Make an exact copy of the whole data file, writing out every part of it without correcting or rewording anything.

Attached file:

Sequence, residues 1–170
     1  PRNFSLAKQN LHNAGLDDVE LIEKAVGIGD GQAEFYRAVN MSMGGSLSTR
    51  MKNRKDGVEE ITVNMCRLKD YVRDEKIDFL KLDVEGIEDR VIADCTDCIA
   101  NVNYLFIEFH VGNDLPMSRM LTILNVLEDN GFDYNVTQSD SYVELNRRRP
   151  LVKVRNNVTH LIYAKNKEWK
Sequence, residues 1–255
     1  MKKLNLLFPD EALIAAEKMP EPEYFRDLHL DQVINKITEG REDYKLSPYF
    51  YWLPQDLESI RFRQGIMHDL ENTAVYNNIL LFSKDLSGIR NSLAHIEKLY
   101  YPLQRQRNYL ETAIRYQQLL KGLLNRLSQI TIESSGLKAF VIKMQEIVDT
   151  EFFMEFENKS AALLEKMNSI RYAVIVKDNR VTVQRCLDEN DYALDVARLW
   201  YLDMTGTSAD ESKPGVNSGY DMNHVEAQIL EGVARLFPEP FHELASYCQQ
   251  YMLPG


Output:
Sequence, residues 1–170
     1  PRNFSLAKQN LHNAGLDDVE LIEKAVGIGD GQAEFYRAVN MSMGGSLSTR
    51  MKNRKDGVEE ITVNMCRLKD YVRDEKIDFL KLDVEGIEDR VIADCTDCIA
   101  NVNYLFIEFH VGNDLPMSRM LTILNVLEDN GFDYNVTQSD SYVELNRRRP
   151  LVKVRNNVTH LIYAKNKEWK
Sequence, residues 1–255
     1  MKKLNLLFPD EALIAAEKMP EPEYFRDLHL DQVINKITEG REDYKLSPYF
    51  YWLPQDLESI RFRQGIMHDL ENTAVYNNIL LFSKDLSGIR NSLAHIEKLY
   101  YPLQRQRNYL ETAIRYQQLL KGLLNRLSQI TIESSGLKAF VIKMQEIVDT
   151  EFFMEFENKS AALLEKMNSI RYAVIVKDNR VTVQRCLDEN DYALDVARLW
   201  YLDMTGTSAD ESKPGVNSGY DMNHVEAQIL EGVARLFPEP FHELASYCQQ
   251  YMLPG